Category Archives: Behavior

Random Saturday

Random Saturday

I stood on the landing outcrop. Light rain started about 6:15. It felt like a gift to just let it softly pelt me. Rain has been a distant stranger lately. It’s odd because some Septembers have been torrential.

Earlier, I mistook a visitor to be one of my neighbors. We exchanged pleasantries from opposite corners. I gave him the rest of a bottle of vodka. I already knew he had stayed up at night playing the role of reveler. He is very young, so burning the middle night oil is a requirement for him. It takes a long time to discover that almost everything that happens after 9 p.m. is probably not as meaningful as it seems. Perhaps I sound old saying that. I am old. But I have luckily not forgotten how stupid most of us were when we were younger. When misadventure was mistaken as a sign that we were living life to the fullest.

The picture of the teacup is from my recent jaunt and stay in Compton. Arkansas, not California. Sometimes I sign the inside of one of the teacups from my dear departed friend Jackie – and then hang it in plain sight. Erika signed this one with me. I dared the tall grass, chiggers, and hidden snakes to put it in a tree on the perimeter of the wilderness. I love imagining people finding them accidentally. Surely there are others like me who get lost in wondering about what led to it being placed there. I’ve left so many artifacts in Northwest Arkansas, some in the most unlikely places. A lot of them have been right under the noses of the people I know. Such secrets make me happy.

Did you know that smart televisions use about 18W of power? That’s about two LED light bulbs left on 24/7. It’s not a significant amount, but most people don’t even think about energy consumption for items plugged in yet turned off. Remember when grandma would unplug EVERYTHING because of “the electricity!”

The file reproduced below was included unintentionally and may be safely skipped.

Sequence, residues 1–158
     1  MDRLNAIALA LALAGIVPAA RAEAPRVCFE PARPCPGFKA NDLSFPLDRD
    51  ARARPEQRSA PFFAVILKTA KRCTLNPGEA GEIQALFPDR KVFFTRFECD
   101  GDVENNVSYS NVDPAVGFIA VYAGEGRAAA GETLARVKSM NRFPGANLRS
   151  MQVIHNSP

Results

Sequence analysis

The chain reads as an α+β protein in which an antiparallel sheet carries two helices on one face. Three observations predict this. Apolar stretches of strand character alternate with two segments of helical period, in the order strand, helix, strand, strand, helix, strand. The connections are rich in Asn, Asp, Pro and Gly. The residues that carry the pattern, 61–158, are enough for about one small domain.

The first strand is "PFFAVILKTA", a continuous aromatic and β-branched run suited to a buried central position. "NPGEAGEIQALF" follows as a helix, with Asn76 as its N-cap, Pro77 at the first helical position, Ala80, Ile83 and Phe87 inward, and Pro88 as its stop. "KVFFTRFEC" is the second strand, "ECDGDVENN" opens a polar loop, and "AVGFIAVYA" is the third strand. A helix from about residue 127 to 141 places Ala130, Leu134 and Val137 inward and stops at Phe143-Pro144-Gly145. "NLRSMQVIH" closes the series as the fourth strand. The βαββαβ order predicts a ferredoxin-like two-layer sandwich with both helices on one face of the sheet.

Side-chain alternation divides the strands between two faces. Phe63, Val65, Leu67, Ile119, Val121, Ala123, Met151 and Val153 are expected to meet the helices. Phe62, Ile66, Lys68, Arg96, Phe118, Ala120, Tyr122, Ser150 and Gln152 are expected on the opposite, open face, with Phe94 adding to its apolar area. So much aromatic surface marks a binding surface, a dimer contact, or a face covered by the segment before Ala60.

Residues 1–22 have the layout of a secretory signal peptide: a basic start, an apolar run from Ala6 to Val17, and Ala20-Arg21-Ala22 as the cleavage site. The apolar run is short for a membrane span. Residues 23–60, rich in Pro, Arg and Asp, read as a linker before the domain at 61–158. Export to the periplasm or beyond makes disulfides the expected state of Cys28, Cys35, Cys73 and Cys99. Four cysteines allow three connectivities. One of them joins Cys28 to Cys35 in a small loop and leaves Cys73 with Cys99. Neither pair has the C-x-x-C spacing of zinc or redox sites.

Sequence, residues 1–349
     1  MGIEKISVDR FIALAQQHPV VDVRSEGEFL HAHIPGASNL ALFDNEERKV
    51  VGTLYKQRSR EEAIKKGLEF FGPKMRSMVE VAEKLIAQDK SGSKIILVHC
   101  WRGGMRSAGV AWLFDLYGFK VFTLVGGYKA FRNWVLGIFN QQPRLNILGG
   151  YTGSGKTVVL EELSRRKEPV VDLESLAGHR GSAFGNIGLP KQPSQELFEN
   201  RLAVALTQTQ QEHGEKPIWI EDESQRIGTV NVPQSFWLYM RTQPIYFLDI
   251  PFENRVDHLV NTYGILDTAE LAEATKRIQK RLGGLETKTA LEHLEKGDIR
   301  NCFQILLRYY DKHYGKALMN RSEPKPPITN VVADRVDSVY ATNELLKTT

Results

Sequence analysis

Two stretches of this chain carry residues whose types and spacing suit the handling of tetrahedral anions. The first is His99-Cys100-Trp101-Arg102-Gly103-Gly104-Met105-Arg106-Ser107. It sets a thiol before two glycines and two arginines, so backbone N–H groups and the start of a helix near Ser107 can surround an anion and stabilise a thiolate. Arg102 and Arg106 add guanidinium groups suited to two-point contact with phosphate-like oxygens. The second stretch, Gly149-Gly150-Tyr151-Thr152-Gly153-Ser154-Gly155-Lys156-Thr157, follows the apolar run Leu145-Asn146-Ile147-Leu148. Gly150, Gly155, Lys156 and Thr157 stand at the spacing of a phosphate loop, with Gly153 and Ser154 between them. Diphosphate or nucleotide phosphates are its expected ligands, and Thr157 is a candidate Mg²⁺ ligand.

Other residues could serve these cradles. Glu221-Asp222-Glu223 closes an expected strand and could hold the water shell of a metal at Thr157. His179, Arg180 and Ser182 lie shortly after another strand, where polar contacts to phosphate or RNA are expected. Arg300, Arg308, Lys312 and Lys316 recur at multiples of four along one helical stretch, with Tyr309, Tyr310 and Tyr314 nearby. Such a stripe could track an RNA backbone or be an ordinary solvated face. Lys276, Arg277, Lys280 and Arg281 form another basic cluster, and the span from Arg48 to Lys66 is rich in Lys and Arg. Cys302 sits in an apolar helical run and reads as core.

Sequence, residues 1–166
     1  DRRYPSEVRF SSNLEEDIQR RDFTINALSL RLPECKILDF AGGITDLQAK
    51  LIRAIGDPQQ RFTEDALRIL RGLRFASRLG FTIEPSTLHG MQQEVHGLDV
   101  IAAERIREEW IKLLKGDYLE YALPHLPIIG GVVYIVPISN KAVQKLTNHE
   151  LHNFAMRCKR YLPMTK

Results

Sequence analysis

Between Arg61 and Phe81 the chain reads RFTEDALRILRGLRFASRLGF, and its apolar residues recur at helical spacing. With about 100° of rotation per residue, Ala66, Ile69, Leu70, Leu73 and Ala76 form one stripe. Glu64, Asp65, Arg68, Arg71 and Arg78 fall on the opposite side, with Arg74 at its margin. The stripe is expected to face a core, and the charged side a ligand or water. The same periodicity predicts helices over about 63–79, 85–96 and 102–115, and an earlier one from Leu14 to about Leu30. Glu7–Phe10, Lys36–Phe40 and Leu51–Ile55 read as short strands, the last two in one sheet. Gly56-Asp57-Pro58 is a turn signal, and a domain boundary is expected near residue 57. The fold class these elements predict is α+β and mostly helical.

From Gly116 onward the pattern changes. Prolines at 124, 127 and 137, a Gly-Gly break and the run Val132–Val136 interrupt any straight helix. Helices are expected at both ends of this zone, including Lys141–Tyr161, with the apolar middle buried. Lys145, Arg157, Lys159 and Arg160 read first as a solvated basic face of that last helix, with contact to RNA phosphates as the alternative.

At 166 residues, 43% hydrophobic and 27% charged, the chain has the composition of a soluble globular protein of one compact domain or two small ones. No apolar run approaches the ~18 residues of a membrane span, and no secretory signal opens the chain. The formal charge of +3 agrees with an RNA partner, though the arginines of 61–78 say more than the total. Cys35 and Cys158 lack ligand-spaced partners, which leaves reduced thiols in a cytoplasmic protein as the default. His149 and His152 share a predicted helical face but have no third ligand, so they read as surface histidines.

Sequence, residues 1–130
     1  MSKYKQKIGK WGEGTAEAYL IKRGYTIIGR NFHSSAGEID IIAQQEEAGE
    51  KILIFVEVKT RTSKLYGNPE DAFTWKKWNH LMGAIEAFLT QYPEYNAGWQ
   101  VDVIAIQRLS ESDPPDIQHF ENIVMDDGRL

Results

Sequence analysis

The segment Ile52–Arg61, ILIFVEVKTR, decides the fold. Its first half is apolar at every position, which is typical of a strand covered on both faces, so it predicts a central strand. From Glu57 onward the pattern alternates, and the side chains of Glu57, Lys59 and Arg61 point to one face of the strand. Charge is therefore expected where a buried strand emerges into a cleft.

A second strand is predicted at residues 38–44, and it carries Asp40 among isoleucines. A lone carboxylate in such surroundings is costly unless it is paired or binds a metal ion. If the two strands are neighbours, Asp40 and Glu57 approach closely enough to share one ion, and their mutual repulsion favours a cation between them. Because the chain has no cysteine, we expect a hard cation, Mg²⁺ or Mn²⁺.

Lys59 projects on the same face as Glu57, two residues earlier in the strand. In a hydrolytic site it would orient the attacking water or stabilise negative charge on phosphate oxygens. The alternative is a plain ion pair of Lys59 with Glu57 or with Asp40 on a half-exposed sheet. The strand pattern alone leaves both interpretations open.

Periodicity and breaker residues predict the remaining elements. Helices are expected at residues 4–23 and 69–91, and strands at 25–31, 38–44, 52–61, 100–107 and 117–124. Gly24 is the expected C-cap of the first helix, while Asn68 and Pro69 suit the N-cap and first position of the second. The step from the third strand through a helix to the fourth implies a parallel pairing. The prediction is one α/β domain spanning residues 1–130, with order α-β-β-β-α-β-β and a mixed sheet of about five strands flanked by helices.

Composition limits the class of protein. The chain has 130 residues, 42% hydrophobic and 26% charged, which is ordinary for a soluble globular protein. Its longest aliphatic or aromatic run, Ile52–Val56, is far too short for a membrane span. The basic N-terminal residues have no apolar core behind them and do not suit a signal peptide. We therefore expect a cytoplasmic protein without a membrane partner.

For newer houses or remodels, I can’t believe electricians aren’t installing whole-house surge protectors. They reduce almost all chances of a surge damaging your electronics. I’ve yet to see a homeowner have it explained to him or her and have them say, “No, I don’t want that.” If I were using a rural power grid, it’s the best little bit of money you’ll ever spend. And might save your life, too. I’m surprised that many people don’t know that all power strips don’t offer surge protection. There’s a huge difference in the distinction. Another misconception: most people’s houses do nothing to stop lightning strikes from frying everything (Even really expensive surge protectors you bought at Best Buy). Whole house surge protection going through your main line is about the only way to avoid that sort of catastrophe. Really. It’s true.

Although people think it’s a boring subject, I’d like to mention water heaters, which use a huge chunk of your energy budget. First, most people have their water heaters set too high. Second, when you get a new unit, you should always buy a hybrid heat pump water heater. They pay for themselves in two to three years. They are incredibly efficient and will save you a LOT of money compared to a traditional one. Third, for the love of god, please install moisture-sensitive alarms near your water heater. (And fridge, too, if it has a water line.) Since I’m throwing out random facts, the average shower uses 2 gallons a minute. If you have a luxury bathroom, it might be twice that. Your dishwasher uses between 4 and 6 gallons of water. Larger tank water heaters are more “convenient,” of course, but most of the cost of your water heater is lost efficiency, as it must maintain a set temperature in the tank even when you’re not using it. Tankless and on-demand water heating systems are the best if you don’t have a large family or all six of your siblings living with you “temporarily” for five years while they “figure things out.”